What “Sick With Grief” Means
Dr. Katherine Shear is the Marion E. Kenworthy Professor of Psychiatry in Social Work at Columbia University. A graduate of the University of Chicago and Tufts University Medical School, her primary areas of investigation include anxiety disorders, depression, and (most recently) bereavement and grief. Her research has produced a number of widely used clinical assessment tools, including the Panic Disorder Severity Scale and the Generalized Anxiety Disorder Severity Scale. Dr. Shear's groundbreaking grief research was recently featured in the New York Times.
Question: Is grief a form of illness?\r\n
Dr. Katherine Shear: Right. So grief is the natural healing really response to the loss of something very important. In the work that I've done, it's really always been the death of someone very, very close. And I focus very narrowly on that kind of situation. Grief itself occurs if you lose other things as well. But if you want to talk about grief that occurs after you lose someone very close, grief itself is a very natural reaction. So is inflammation if you get cut, right – that's a very natural reaction. We don't think of natural grief as an illness, primarily because there's so much baggage associated with illness. But some very prominent thinkers and researchers have, in fact, said that we should consider grief similar to inflammation or you could say even an acute infection or something where you have a natural response that's a healing response essentially to some kind of an injury.\r\n
And certainly the loss of someone very close is a kind of an injury. I mean, so people that we're very, very close to are just so important in our everyday functioning in so many different ways. So when we lose them, lots of things are disrupted and we do have usually very, very powerful emotions and we become very preoccupied with thinking about the person who died, and really trying to grapple with coming to terms with that takes a lot of emotional and even physical energy. And so in that sense, you know you could say that it's like having the flu or something or maybe where your body has been exposed to something that's not usual and that you're having a natural healing response that's also very disruptive.\r\n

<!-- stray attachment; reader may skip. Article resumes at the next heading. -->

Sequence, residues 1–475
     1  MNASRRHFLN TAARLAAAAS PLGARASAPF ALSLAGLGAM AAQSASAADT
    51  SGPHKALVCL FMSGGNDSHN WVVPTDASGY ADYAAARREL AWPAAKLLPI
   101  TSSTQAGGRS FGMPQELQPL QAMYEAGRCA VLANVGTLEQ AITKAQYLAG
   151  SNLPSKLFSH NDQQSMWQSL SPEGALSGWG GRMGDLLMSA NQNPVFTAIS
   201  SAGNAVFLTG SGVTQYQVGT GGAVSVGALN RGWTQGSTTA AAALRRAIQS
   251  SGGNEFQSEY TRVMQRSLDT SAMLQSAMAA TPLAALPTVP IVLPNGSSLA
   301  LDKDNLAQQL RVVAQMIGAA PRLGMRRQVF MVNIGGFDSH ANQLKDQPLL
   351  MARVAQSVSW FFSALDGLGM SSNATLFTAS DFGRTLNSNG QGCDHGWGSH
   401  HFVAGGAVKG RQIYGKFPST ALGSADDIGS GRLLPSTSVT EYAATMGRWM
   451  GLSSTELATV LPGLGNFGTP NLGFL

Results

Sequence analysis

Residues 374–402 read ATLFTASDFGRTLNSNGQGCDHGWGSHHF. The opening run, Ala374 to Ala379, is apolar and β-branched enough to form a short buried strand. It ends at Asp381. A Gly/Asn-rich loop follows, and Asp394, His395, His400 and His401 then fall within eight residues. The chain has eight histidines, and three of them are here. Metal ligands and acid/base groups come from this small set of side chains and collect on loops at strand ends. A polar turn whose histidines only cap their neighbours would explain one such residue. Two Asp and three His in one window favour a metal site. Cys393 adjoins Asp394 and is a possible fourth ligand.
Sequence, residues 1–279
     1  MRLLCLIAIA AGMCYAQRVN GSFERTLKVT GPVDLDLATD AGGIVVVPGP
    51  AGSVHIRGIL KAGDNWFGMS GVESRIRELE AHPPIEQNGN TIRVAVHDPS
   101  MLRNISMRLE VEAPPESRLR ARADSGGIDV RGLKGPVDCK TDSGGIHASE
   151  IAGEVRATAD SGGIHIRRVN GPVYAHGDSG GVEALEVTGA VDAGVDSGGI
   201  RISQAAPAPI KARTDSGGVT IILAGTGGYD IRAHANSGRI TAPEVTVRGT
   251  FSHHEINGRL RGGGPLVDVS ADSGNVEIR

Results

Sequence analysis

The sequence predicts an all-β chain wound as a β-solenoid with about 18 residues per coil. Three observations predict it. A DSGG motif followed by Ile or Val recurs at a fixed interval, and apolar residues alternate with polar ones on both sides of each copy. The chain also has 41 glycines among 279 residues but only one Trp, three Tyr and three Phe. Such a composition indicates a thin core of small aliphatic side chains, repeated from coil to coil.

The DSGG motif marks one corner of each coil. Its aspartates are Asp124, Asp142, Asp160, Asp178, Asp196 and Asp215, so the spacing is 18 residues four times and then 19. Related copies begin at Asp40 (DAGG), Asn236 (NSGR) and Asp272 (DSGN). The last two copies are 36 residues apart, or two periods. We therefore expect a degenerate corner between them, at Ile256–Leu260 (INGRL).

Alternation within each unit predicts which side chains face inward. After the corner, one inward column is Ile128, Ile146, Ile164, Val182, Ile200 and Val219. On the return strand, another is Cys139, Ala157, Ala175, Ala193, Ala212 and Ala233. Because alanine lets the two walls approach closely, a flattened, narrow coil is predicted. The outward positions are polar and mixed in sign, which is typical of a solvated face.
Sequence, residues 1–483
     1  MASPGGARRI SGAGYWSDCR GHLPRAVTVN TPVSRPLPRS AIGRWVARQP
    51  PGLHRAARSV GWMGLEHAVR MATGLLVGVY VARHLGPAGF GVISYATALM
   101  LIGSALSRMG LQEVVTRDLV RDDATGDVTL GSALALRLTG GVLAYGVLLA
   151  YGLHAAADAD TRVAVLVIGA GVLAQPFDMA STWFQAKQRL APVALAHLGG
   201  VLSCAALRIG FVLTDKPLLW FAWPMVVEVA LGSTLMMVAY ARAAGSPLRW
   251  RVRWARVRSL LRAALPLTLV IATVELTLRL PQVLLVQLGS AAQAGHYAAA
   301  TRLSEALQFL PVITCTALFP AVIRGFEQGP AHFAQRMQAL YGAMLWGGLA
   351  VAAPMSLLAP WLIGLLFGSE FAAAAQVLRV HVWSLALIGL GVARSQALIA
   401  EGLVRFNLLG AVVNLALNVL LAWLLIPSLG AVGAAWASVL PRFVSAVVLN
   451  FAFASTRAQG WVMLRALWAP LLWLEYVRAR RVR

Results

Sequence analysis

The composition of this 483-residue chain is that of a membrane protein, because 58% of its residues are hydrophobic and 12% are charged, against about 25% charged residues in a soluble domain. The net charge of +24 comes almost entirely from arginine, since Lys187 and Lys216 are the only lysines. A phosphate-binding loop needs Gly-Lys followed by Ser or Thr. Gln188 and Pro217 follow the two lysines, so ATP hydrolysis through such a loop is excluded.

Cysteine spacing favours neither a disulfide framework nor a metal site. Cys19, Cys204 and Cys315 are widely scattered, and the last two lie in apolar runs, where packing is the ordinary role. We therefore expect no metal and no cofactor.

So we don't advocate – I wouldn't advocate medical treatment for grief, even though it is a very disruptive state, I think that it's interesting in that in the case of grief, there's not only an internal natural healing response, which I very much think there is, but there's also a social healing response. So, of course, when we know that someone has lost someone, we naturally – certainly if they're someone close to us, we're going to be there for them for quite awhile after the death occurs. But even if they're not that close, we'll often go to the funeral. We'll go and visit them a few times early in their homes, bring them food, take care of them in various ways, certainly not expect them to be taking care of us, even though we might be a guest in their house. All this is very natural. I mean, we don't really hardly need to be taught. I mean, people do it in all kinds of cultures and it's just something we do. And that is, I think, the best way for the healing process of grief to be helped along, not by medical treatment.\r\n
Of course, some people don't have that or down the line – or they may, for example, develop a depression, a really full-blown depression. Because grief is not depression; it's different from depression. And so if they do develop depression, they may benefit – they may really need to be treated. And certainly down the line, as I was saying, that down the line, they may kind of their grief healing process may not go the best way. It may get kind of sidetracked or derailed, in which case, we do then want to treat them.\r\n
Question: When does grief become clinical?\r\n